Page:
[A2k] James Love in HuffPo: White House to Decide if Treaty for the Blind Moves Forward

Manon Ress manon.ress at keionline.org
Tue Jun 14 15:15:56 PDT 2011


White House to Decide if Treaty for the Blind Moves Forward
Posted: 06/14/11 06:09 PM ET

http://www.huffingtonpost.com/james-love/treaty-for-the-blind_b_876804.html

Beginning Wednesday, June 15, the World Intellectual Property
Organization (WIPO) the specialized UN agency for intellectual
property, begins nine days of negotiations on possible copyright
treaties. The first three days will be spent on a proposed treaty on
exceptions to copyright for persons who are blind or have other
disabilities. The proposed treaty would bind parties to creating
minimum exceptions in copyright laws to facilitate access to
copyrighted works by persons who are blind, visually impaired or have
other disabilities, and permit the sharing of copies of such
accessible works across borders.

At present, most high income countries have robust exceptions in
copyright laws for persons with disabilities, but do not allow the
export of those works to other countries with similar exceptions. Many
developing countries have no such exception, or one that is very
limited, for example, to only cover Braille in some countries. In
1983, WIPO and the United Nations Educational, Scientific and Cultural
Organization (UNESCO) recommended model exceptions in copyright law
for persons with disabilities, and in 1985, a WIPO/UNESCO expert
called for a treaty to faciliate the cross-border sharing of
accessible works. After decades of inaction on those recommendations,
WIPO took up the issue in 2008, and has been involved in a
surprisingly bitter and heavily lobbied debate ever since.

Publishers have opposed a treaty for disabilities on the grounds that
it will set a precedent that copyright treaties can be designed to
address problems facing consumers, rather than just expanding the
rights for copyright owners. While the exception for persons who are
blind or have other disabilities has almost no economic impact on
publishers, they are concerned about possible expansions of copyright
exceptions for libraries or education -- both major markets for
publishers.

The White House and the United States Patent and Trademark Office
(USPTO) have been lobbied heavily on the treaty for the blind issue.
European and Canadian owned publishers argued that WIPO should kill
the treaty proposal, in favor of a non-binding recommendation --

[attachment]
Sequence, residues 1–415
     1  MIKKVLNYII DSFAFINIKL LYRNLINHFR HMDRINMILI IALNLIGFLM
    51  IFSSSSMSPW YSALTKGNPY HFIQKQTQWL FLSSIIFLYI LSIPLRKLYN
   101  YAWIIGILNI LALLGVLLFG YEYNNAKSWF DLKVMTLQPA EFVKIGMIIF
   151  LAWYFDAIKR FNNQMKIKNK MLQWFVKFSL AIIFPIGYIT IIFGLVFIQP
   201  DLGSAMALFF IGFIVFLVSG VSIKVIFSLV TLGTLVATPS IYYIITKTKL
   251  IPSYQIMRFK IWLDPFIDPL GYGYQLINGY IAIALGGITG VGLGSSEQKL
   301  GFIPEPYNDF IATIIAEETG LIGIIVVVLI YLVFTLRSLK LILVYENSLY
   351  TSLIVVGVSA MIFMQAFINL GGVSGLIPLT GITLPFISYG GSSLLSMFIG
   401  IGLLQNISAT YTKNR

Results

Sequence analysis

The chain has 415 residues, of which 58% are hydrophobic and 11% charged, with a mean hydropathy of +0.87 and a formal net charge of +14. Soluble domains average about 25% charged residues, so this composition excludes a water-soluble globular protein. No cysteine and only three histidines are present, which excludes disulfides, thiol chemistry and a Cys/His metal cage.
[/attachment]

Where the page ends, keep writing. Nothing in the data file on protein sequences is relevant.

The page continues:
similar to the one offered in 1983 by UNESCO and WIPO.

Meanwhile, next week WIPO will focus on proposals to other treaties --
that expand copyright and related rights. One would give a new
intellectual property right to broadcasters, cable companies,
satellite television and radio, and webcasters for simply transmitting
copyrighted works owned by others. Another treaty deals with
"performers" rights. In the cases where corporate interests are stake,
no one proposes a soft non-binding solution -- a treaty is the only
option under consideration.

In 2008, the Bush administration opposed a treaty for the blind. In
early 2009, the Obama administration also opposed a treaty for the
blind. But by December 2009, the Obama administration seemed to have
changed its mind, and announced it was "open" to a treaty. But since
2009, three key treaty supporters left the Obama administration --
Susan Crawford and Andrew McLaughlin in the White House and Arti Rai
at USPTO.

Since the departure of Crawford, McLaughlin and Rai, the USPTO has
been aggressively but quietly trying to kill the treaty, and
pressuring treaty supporters, including both NGOs and governments, to
settle for a soft recommendation as a "first step" and to wait several
more years before taking the treaty proposal up again.

Europe is divided on the treaty. Some countries, such as the UK and a
few northern European countries support the treaty, and the European
Parliament recently voted to support the treaty. But France and
Germany oppose the treaty, and so has the European Commission.

At this point, the fate of the treaty is largely in the hands of David
Kappos, the former IBM executive now running the USPTO. If Kappos
supports the treaty, opposition will fade, and the treaty will move
ahead to a diplomatic conference.

For a detailed history and background on the negotiation, see:
Background and update on negotiations for a WIPO copyright treaty for
persons who are blind or have other disabilities.


Follow James Love on Twitter: www.twitter.com/jamie_love




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